Canonical, the company behind the Ubuntu open source operating system, launched an Indiegogo crowd funding campaign at the end of July, in which it offered tech fans the chance to pre-order the Ubuntu Edge smartphone. The device would run both Ubuntu’s new mobile platform, plus Android, and had cutting-edge specs.
Sadly though, the campaign ended this week and failed to meet its lofty $32 million target, meaning the Ubuntu Edge as we know it will never be made. At £540 before a mid-campaign price drop, the Edge was very expensive, however it was also going to be technically impressive.
The specs listed included a super fast multi-core processor, 4GB of RAM, 128GB of memory, a sapphire crystal screen and a next generation battery for high performance. It would even run the desktop version of Ubuntu when plugged into a few accessories, making it a portable PC. A 4.5-inch, 720p screen and an 8-megapixel camera completed the feature list.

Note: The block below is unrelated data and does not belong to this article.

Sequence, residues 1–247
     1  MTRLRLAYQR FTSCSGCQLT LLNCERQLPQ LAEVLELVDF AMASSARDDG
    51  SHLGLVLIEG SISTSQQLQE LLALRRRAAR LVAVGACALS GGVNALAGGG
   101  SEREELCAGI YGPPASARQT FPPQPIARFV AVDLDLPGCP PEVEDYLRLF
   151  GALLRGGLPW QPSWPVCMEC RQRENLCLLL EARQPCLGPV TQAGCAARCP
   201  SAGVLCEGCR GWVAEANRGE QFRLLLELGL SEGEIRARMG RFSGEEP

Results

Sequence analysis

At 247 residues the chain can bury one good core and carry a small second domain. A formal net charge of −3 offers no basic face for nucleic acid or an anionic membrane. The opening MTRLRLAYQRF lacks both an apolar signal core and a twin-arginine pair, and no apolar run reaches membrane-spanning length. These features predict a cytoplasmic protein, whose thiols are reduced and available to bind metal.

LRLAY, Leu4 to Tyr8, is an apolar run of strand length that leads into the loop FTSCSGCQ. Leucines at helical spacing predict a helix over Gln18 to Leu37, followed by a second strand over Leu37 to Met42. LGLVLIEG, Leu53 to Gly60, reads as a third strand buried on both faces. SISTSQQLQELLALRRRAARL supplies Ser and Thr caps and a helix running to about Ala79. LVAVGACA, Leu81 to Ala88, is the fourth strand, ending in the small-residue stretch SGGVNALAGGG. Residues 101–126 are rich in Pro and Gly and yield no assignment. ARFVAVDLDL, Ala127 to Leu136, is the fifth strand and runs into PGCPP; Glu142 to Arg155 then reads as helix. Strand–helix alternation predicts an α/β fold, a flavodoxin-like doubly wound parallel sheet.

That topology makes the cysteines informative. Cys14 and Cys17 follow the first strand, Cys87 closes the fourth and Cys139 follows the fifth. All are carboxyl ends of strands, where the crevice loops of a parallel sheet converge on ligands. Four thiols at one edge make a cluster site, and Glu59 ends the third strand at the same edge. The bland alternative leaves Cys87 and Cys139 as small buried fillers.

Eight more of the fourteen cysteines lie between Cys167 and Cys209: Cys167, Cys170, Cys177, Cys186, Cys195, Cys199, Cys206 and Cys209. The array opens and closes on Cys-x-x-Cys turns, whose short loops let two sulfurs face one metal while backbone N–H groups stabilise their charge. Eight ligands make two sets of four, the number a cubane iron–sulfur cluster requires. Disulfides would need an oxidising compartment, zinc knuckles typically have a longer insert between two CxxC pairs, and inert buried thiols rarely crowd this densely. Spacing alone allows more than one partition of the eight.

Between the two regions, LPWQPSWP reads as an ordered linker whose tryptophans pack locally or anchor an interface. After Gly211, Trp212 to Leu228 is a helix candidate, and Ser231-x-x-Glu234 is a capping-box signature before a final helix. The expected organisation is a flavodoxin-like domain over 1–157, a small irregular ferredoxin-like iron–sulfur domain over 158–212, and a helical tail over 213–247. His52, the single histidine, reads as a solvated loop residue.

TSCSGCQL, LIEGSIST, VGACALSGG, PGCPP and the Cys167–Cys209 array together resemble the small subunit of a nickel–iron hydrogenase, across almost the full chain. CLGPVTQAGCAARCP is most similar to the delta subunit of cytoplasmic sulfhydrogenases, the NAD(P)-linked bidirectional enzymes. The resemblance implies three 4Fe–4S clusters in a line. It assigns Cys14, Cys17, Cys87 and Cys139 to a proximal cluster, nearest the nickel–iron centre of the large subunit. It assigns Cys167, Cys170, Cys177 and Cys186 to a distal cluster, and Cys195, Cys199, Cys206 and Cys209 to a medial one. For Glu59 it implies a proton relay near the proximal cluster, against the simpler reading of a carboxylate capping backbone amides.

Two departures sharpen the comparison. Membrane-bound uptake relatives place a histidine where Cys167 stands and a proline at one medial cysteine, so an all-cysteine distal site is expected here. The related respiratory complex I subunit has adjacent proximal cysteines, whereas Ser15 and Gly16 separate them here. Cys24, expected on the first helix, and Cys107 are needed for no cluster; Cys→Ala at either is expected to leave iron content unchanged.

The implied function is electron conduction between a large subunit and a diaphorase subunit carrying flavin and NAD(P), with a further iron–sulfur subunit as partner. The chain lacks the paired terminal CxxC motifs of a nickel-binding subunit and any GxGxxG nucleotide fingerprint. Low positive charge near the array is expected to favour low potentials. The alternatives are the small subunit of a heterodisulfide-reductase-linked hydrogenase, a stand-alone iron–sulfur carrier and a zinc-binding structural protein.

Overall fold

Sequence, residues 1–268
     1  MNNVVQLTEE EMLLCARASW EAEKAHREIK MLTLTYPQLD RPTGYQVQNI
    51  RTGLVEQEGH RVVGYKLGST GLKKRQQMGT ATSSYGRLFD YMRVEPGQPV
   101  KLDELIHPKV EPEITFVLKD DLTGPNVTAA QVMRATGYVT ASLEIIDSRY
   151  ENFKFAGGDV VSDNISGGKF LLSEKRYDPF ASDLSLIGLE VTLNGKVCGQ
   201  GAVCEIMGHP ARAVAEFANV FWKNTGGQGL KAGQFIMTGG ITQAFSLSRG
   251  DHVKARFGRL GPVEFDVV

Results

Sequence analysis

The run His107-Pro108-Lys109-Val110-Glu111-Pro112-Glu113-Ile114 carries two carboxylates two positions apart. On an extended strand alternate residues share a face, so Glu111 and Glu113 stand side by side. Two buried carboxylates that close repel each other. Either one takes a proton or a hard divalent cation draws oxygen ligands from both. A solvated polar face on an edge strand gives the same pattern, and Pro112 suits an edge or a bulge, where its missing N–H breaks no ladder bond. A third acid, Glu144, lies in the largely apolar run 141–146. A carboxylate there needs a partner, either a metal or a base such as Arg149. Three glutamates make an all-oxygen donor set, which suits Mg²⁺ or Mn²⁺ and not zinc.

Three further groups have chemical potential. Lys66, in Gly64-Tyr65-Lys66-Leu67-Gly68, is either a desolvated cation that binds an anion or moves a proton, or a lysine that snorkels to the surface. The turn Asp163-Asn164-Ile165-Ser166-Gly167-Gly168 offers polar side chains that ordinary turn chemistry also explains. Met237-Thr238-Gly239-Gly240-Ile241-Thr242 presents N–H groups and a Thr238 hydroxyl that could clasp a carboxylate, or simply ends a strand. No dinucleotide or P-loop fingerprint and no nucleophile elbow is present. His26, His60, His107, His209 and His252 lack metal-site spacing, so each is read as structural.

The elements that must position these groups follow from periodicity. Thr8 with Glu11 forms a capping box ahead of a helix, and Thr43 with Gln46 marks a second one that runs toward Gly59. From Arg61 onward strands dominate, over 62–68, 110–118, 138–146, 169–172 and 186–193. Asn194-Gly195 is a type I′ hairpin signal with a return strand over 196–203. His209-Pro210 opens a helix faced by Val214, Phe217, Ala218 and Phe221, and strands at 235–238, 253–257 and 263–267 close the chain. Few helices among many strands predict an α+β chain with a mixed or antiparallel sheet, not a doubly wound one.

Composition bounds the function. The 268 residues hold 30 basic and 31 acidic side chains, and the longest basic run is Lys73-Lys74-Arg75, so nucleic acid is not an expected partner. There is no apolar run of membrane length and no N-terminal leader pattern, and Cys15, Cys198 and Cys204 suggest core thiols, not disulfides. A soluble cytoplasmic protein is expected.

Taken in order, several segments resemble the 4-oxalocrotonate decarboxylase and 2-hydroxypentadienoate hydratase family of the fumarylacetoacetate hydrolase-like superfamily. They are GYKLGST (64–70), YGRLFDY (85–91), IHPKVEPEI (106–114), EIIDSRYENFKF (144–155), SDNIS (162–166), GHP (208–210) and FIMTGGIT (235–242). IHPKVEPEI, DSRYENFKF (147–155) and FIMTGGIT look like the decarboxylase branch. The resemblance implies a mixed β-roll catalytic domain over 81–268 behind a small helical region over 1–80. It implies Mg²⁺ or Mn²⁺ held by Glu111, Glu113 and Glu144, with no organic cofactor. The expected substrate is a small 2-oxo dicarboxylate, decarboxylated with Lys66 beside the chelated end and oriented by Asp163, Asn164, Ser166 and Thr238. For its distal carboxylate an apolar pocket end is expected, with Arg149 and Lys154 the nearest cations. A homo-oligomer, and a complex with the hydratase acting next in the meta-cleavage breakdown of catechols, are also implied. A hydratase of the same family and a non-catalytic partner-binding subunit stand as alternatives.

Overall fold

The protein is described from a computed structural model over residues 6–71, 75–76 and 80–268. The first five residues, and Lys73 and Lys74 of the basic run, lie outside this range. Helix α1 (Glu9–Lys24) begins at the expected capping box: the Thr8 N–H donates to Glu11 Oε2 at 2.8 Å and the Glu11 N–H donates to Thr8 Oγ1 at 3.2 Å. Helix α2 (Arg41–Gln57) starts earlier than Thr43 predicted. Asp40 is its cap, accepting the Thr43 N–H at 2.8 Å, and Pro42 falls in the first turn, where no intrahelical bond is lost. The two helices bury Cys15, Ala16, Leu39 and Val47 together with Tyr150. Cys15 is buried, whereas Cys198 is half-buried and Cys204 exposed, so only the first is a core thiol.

The final total was just under $13 million, so it didn’t quite make it to halfway, but it’s still a considerable amount of money, and has seen Canonical’s campaign enter the record books as the most raised in a crowd funding project yet.
So now the Edge is no more, what’s next for Ubuntu Mobile? According to Canonical’s CEO Mark Shuttleworth, networks and manufacturers are interested in producing phones with more modest specifications, which will then be sold at a more reasonable price.
The first customer-ready build of Ubuntu Mobile is expected to be released in October, when it will be sent to networks for testing, after which we should see the first phones running the software in early 2014. Just don’t expect them to be as exciting as the Edge.